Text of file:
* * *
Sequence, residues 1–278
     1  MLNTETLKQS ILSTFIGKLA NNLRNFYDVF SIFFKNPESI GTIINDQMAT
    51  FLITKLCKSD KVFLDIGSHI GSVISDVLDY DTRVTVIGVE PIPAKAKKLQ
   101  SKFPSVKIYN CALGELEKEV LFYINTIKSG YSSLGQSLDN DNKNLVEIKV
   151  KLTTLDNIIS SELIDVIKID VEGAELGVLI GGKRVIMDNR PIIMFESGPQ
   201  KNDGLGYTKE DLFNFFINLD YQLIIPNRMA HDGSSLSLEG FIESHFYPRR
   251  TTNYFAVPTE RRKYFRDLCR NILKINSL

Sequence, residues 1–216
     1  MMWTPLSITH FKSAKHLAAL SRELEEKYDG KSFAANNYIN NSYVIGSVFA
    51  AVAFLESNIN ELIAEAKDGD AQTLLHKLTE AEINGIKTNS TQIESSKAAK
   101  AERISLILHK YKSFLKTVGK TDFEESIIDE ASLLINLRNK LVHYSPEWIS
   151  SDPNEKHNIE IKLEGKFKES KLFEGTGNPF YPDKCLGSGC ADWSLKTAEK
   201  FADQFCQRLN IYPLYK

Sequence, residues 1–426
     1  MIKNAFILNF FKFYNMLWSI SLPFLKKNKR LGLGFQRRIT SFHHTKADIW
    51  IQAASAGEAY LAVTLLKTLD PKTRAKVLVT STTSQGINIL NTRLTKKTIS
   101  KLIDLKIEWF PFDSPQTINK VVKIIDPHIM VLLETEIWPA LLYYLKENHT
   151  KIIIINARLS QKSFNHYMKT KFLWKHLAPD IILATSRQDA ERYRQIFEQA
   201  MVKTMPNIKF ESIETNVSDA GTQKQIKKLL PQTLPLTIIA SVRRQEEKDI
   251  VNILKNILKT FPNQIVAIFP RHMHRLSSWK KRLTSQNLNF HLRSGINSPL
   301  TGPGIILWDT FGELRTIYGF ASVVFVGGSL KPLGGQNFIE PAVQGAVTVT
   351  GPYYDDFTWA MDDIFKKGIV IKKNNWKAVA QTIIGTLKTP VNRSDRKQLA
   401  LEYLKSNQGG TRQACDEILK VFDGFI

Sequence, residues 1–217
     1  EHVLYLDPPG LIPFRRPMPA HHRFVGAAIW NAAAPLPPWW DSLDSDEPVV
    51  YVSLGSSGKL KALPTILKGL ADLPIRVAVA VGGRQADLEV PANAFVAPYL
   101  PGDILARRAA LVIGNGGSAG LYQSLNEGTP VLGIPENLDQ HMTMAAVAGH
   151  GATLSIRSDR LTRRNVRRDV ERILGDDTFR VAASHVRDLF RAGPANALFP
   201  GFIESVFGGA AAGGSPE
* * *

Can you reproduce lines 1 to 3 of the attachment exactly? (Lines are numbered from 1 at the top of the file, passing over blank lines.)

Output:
Sequence, residues 1–278
     1  MLNTETLKQS ILSTFIGKLA NNLRNFYDVF SIFFKNPESI GTIINDQMAT
    51  FLITKLCKSD KVFLDIGSHI GSVISDVLDY DTRVTVIGVE PIPAKAKKLQ